# (Yet another..) Sum vs Product.

I know this is a question asked many times, but I'm looking to understand a particular thing which is not really mentioned elsewhere.

Let $M,N$ be left $R$-modules, and the definitions for their direct sum and direct product I am familiar with are:

$M\oplus N = \{m+n : m\in M, n\in N\}$, where the expression $m+n$ is unique for each element in the direct sum.

$M\times N =\{ (m,n) : m\in M, n\in N\}$, with operations performed componentwise.

For finitely many modules, these are isomorphic, by $\sum_i^k m_i \leftrightarrow (m_0,\ldots, m_k)$.

Now the difference is when there is an infinite collection of modules: The direct sum is a submodule of the direct product, such that it's elements (written as a tuple, I guess) have only finitely many non-zero components.

Where does this restriction come from? We are working with formal sums in the direct sum, so we couldn't be concerned with 'convergence' or anything, right? I just can't see (nor find an explanation) why we can't have infinite formal sums. Does something about the categorical definition break down? Though again, not sure what stops us having suitable injections.. (Category theoretic definitions are rather new to me - in fact, that I don't see what could make the diagram go wrong for infinite sums is one reason I have to ask this.)

• The very definition of (rings and) $R$-modules is restricted to finite addition only, that is the reason for the difference in the infinite case. Sep 7, 2015 at 19:41

If you allow infinite sums, you again obtain a direct product. The two different objects indeed correspond to different (dual) category theoretic notions: A direct product of modules is a product in the module category, while a direct sum is a coproduct. They satisfy the following respective universal properties, that characterize them:

Let $$(M_i)_{i \in I}$$ be a family of (left) $$R$$-modules.

1. A module $$P$$, together with a family of homomorphisms $$(p_i \colon P \to M_i)_{i \in I}$$, is a direct product (product) of the family $$(M_i)_{i\in I}$$, if for every module $$X$$ and every family of homomorphisms $$(f_i \colon X \to M_i)$$, there exists a unique homomorphism $$f \colon X \to P$$ such that $$f_i = p_i \circ f$$ (for all $$i$$).

2. A module $$C$$, together with a family of homomorphisms $$(e_i \colon M_i \to C)_{i \in I}$$ is a direct sum (coproduct) of the family $$(M_i)_{i \in I}$$, if for every module $$X$$ and every family of homomorphisms $$(f_i\colon M_i \to X)_{i \in I}$$, there exists a unique homomorphism $$f \colon C \to X$$ such that $$f_i = f \circ e_i$$ (for all $$i$$).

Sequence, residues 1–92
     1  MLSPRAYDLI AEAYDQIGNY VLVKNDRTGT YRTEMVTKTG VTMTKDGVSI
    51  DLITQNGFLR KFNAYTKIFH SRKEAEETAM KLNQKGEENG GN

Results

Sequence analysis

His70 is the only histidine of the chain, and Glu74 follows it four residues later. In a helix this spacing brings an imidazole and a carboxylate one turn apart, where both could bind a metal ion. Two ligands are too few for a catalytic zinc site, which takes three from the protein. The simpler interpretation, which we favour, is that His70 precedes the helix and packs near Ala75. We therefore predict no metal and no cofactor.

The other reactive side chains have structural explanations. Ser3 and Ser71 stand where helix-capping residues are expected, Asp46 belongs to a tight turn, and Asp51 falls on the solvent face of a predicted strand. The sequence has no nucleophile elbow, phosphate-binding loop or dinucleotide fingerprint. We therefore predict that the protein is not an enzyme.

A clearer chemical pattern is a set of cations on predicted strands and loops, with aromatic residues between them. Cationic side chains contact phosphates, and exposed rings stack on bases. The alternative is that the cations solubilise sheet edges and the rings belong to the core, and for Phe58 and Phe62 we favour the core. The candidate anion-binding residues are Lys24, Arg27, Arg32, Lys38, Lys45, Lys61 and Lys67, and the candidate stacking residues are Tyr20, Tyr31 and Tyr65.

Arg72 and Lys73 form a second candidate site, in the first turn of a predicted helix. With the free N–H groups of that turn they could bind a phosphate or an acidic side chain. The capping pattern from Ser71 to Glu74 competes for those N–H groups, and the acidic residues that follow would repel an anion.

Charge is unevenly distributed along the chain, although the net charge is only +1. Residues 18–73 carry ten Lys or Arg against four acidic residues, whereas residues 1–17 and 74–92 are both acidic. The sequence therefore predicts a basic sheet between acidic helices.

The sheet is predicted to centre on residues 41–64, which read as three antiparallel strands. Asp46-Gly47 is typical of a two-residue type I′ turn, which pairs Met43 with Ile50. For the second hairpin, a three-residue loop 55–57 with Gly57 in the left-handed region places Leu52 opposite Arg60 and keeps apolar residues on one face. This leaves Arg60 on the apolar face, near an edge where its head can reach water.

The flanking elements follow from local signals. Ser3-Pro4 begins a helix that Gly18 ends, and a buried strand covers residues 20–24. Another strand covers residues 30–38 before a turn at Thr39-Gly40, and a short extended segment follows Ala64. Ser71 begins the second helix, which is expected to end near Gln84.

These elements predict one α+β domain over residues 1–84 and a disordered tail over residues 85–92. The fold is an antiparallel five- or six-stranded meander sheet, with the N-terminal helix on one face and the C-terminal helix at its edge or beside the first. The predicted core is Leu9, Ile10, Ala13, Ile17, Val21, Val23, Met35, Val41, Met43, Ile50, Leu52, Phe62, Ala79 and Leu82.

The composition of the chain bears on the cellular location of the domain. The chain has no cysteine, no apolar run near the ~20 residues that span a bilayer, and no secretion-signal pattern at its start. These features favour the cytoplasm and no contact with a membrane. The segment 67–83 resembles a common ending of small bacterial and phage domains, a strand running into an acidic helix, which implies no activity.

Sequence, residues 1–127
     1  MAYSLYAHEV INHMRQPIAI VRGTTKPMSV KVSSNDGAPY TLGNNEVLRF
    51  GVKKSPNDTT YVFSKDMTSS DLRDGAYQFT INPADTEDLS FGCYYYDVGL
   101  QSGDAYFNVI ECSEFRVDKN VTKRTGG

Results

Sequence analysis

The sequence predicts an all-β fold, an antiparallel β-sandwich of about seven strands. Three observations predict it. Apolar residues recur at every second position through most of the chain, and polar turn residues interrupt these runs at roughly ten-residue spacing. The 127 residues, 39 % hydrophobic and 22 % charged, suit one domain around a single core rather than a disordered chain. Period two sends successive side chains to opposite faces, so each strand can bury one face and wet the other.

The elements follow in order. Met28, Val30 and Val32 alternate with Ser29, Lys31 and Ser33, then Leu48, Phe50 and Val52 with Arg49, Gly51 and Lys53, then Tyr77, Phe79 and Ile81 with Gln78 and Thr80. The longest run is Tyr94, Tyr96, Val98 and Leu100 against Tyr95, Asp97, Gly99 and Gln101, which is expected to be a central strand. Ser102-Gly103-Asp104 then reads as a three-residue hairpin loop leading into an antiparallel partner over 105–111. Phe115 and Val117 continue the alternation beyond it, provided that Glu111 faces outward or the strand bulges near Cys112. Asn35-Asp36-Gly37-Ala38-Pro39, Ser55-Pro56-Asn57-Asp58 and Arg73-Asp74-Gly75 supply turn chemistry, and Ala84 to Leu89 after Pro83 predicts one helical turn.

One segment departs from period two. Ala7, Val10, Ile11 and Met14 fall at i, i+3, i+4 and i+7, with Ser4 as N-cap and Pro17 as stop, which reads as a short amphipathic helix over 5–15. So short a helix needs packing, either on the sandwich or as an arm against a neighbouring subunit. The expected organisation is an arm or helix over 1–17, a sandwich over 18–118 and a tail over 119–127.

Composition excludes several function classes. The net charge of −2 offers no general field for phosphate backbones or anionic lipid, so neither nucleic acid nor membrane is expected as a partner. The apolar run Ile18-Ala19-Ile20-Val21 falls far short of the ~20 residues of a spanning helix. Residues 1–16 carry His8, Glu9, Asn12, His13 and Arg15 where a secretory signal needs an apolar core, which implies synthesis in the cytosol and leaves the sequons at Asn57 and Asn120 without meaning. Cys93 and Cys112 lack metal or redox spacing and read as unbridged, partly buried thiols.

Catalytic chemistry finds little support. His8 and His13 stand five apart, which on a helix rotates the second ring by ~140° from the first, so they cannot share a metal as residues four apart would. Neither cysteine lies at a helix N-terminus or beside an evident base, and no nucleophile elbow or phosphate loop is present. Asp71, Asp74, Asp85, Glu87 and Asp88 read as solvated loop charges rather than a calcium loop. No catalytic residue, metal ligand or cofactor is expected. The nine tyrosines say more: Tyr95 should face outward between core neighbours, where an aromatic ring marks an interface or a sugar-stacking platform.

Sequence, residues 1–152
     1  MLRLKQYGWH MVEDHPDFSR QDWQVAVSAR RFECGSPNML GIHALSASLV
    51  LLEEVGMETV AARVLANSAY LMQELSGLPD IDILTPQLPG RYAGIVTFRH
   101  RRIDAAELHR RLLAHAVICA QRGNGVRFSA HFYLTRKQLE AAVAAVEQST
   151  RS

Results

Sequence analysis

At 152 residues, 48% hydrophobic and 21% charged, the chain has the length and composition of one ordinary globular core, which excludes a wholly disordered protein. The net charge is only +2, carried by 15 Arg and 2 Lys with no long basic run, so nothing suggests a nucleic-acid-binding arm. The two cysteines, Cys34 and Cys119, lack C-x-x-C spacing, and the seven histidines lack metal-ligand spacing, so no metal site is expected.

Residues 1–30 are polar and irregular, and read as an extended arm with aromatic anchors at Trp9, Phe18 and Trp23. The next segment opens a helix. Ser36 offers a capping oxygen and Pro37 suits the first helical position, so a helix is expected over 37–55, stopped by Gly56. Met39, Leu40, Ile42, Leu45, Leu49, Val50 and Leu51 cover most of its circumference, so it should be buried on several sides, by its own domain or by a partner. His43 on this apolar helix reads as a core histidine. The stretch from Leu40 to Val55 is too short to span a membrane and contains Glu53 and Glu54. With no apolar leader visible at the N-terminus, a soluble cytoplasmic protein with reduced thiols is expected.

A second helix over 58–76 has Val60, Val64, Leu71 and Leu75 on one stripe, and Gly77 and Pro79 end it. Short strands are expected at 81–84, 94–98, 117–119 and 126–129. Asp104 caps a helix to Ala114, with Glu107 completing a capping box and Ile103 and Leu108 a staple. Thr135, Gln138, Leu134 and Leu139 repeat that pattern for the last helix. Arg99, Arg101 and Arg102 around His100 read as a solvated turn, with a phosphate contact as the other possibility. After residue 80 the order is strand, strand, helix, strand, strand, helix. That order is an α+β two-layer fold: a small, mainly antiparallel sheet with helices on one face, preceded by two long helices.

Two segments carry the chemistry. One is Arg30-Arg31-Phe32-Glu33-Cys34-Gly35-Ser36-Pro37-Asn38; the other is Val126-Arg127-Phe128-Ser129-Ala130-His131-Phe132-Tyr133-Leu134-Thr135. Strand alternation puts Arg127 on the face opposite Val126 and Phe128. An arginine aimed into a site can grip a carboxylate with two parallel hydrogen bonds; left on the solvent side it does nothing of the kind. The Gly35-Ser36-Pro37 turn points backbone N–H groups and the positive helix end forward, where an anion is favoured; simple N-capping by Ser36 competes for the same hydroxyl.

If you draw the usual diagrams for these (which you have probably seen), you see that one is obtained from the other by inverting all the arrows. In particular, a direct product comes with a family of projections onto the original family of modules. Conversely, a direct sum comes with a family of embeddings of the original family of modules. They are each universal in their respective sense in that every other such diagram "factors" through them. This is what makes them important from the perspective of category theory. They are also unique up to unique homomorphism by abstract nonsense, so if you find any construction which satisfies (1), you have found "the" direct product; similarly for direct sums.

If you try to verify the second property for the direct product (infinite tuples), you will hit a problem: You'd take for the embeddings the obvious ones into your tuples, i.e., $$M_i$$ is simply mapped into the $$i$$-th component of $$\prod_{i \in I} M_i$$. But now, how do you define $$f \colon \prod_{i \in I} M_i \to X$$? For the direct sum, you simply take $$m_{i_1} + \cdots + m_{i_n} \mapsto f_{i_1}(m_{i_1}) + \cdots + f_{i_n}(m_{i_n})$$. But this only works using that the elements are finitely supported, since the last sum is indeed an "actual" sum in $$X$$.

That the product and coproduct coincides for a finite family of modules is very useful, but perhaps obscures things a little bit in the beginning, because it may be hard to get a intuition for the difference. It may help to consider another category. E.g. in the category of sets, products are given by Cartesian products, while coproducts are disjoint unions of sets. These are quite different, even for finite families.